North Gem’s next superintendent lacks some required qualifications

Updated on April 11 with more details from the state about various pathways to superintendency.

The North Gem School District recently hired a new superintendent who is missing required qualifications for the position. 

But the state should still be able to approve his superintendency under an alternate authorization, according to Mike Keckler, a spokesperson for the State Board of Education. 

The news comes after the State Board declined to consider Branden Durst’s application for an emergency provisional administrator’s certificate for the West Bonner School District. Durst did not have the required four years of full-time, certificated employment in a school. 

Kyler Miller, who will become North Gem’s superintendent this summer, does have those four years of certificated experience — and that is the key difference. 

The state’s alternate authorization route (which is different from the emergency authorization route that Durst pursued) allows for districts or charters to request interim certificates for teachers to become superintendents. In that case, the teacher would have three years to earn the superintendent endorsement by meeting all the qualifications.

That teacher-to-superintendent pathway happens rarely. According to state records, just one school district — Garden Valley — applied for such a certificate in the past three school years. More common is a principal-to-superintendent pathway that Miller may become eligible for this summer, pending a degree completion.

Miller is currently a teacher with the Pocatello/Chubbuck School District, and will complete a master’s degree in education with a principal’s endorsement this summer. That would become his second master’s degree, as he already has one in history. He then plans to apply for and complete a doctoral education program with a superintendent certification, according to Candie Massey, North Gem’s business manager. Miller also has seven years of teaching experience.

Currently, Miller lacks the following qualifications required for a superintendent endorsement:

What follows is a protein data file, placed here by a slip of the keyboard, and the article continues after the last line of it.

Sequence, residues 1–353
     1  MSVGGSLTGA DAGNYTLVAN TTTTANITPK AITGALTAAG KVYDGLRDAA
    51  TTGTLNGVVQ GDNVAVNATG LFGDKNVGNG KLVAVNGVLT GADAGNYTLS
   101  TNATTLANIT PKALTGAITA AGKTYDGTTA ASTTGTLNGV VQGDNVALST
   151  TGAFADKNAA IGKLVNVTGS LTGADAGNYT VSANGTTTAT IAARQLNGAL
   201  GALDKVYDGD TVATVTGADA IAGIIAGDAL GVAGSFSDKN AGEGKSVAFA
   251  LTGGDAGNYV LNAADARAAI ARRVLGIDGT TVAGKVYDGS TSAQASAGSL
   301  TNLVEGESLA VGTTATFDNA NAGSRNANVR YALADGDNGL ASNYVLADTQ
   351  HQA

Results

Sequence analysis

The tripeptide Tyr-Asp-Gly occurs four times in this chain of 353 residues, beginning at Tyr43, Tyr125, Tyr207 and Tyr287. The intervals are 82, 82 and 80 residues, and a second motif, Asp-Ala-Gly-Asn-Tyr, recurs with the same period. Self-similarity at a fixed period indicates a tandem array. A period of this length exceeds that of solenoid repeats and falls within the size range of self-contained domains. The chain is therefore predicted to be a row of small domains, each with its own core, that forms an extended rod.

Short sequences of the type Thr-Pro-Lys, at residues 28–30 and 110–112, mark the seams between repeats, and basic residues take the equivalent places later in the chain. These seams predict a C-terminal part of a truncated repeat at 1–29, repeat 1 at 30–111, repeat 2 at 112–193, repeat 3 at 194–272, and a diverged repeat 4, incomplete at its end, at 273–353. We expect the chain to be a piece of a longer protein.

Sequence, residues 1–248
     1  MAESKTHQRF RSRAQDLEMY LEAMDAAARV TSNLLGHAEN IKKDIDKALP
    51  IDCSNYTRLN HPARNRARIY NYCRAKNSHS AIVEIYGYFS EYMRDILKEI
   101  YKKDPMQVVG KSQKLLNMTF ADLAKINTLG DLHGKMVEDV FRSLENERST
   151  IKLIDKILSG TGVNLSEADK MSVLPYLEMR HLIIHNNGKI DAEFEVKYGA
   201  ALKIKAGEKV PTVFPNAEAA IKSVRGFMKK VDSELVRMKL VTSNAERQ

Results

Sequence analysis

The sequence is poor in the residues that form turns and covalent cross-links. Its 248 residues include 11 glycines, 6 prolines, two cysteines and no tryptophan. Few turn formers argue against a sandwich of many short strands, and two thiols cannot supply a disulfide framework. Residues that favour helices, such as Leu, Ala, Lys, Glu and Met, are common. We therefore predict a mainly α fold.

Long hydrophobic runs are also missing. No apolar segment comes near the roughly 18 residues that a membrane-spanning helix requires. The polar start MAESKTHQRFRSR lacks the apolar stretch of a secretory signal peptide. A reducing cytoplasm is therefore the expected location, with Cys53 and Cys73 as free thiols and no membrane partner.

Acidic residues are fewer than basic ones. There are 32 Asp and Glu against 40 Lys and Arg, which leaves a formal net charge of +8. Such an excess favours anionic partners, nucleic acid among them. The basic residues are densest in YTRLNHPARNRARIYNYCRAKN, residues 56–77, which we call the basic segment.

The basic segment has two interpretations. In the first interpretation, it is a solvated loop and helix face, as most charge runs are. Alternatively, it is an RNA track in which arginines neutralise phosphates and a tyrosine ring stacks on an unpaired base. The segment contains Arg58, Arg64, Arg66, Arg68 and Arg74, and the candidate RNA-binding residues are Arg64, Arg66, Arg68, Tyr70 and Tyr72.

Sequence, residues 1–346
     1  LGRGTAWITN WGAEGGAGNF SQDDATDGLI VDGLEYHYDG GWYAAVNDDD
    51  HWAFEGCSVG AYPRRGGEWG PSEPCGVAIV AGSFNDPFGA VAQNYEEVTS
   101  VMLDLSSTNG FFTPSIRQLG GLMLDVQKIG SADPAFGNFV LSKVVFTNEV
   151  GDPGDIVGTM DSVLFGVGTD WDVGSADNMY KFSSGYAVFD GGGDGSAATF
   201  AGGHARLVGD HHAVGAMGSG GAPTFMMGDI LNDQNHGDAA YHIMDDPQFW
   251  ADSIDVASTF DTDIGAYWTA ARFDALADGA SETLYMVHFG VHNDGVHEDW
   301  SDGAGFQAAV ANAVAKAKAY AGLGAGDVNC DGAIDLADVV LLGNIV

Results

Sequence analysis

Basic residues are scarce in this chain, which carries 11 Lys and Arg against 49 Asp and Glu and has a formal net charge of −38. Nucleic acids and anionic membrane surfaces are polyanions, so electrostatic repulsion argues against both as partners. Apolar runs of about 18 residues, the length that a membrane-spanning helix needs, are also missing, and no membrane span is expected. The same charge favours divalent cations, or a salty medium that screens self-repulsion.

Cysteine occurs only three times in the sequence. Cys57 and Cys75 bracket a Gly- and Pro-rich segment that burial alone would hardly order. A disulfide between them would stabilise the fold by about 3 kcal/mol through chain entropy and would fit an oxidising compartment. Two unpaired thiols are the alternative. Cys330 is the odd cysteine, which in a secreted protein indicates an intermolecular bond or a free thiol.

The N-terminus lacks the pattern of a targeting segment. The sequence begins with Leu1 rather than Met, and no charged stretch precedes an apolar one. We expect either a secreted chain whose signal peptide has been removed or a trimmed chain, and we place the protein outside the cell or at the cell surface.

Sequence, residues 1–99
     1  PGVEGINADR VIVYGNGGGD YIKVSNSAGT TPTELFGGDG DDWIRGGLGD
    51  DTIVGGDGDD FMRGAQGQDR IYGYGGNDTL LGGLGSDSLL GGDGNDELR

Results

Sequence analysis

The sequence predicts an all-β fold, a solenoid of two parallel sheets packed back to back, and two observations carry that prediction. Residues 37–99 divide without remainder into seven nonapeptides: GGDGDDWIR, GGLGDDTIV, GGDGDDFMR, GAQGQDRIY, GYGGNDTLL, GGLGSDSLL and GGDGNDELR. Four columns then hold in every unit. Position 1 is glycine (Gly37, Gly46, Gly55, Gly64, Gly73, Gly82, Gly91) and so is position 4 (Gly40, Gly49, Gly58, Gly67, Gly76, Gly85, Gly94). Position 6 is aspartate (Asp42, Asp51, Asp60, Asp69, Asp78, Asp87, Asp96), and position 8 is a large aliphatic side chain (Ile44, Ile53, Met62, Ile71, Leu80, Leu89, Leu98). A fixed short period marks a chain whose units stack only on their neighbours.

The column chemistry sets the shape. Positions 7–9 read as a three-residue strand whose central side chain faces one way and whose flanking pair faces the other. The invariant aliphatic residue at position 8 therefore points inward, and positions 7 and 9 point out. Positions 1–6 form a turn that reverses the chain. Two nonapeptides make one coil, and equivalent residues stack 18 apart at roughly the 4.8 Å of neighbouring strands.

• A doctorate degree or comparable education
  • An administrative internship
  • Completion of a post-master’s, school superintendent program
Miller is listed as an applied arts teacher at Irving Middle School. Photo:

“We are in a location where superintendents don’t grow on trees and finding someone who is passionate about education and willing to either move their family to a small town or commute an hour should be revered,” Massey wrote in an email to EdNews.

North Gem is based in the small southeast Idaho town of Bancroft, which is home to about 390 residents. North Gem’s current superintendent, Todd Shumway, will step down this summer for a position at Brigham Young University — Hawaii. 

Miller said he has no comment at this time.

Before Durst’s denial, the State Board had issued emergency provisional certificates to administrators on three separate occasions since 2015. However, Durst’s hire prompted state officials to review Idaho law since he did not hold a certification as an educator, Matt Freeman, the State Board’s executive director, wrote in a September letter to West Bonner staff. 

The State Board determined that, according to Idaho law, it should only issue emergency certificates to teachers, not administrators. Idaho’s Associate Attorney General, Jeffery Ventrella, also weighed in, agreeing that the State Board should not issue emergency certificates for superintendents.

Durst stepped down as West Bonner’s leader in September. 

In February, Durst filed a notice with the state that he intends to sue the State Board and the IDE for $1.25 million. 

Durst previously ran for state superintendent, losing to current state superintendent Debbie Critchfield in the May 2022 primary. Durst is running for Ada County Commissioner in the May GOP primary. 

Carly Flandro

Carly Flandro

Carly Flandro reports from her hometown of Pocatello. Prior to joining EdNews, she taught English at Century High and was a reporter for the Bozeman Daily Chronicle. She has won state and regional journalism awards, and her work has appeared in newspapers throughout the West. Flandro has a bachelor’s degree in print journalism and Spanish from the University of Montana, and a master’s degree in English from Idaho State University. You can email her at [email protected] or call or text her at (208) 317-4287.

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